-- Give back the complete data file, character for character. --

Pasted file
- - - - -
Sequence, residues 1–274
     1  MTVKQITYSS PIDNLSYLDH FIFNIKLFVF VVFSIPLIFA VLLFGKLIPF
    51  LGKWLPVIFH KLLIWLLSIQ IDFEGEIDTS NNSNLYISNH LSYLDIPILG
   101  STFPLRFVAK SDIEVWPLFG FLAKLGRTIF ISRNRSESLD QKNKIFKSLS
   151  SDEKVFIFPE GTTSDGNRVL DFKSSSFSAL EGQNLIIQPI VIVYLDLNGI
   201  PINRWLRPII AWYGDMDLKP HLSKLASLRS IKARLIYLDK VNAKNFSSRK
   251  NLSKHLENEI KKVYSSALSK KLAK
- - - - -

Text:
Sequence, residues 1–274
     1  MTVKQITYSS PIDNLSYLDH FIFNIKLFVF VVFSIPLIFA VLLFGKLIPF
    51  LGKWLPVIFH KLLIWLLSIQ IDFEGEIDTS NNSNLYISNH LSYLDIPILG
   101  STFPLRFVAK SDIEVWPLFG FLAKLGRTIF ISRNRSESLD QKNKIFKSLS
   151  SDEKVFIFPE GTTSDGNRVL DFKSSSFSAL EGQNLIIQPI VIVYLDLNGI
   201  PINRWLRPII AWYGDMDLKP HLSKLASLRS IKARLIYLDK VNAKNFSSRK
   251  NLSKHLENEI KKVYSSALSK KLAK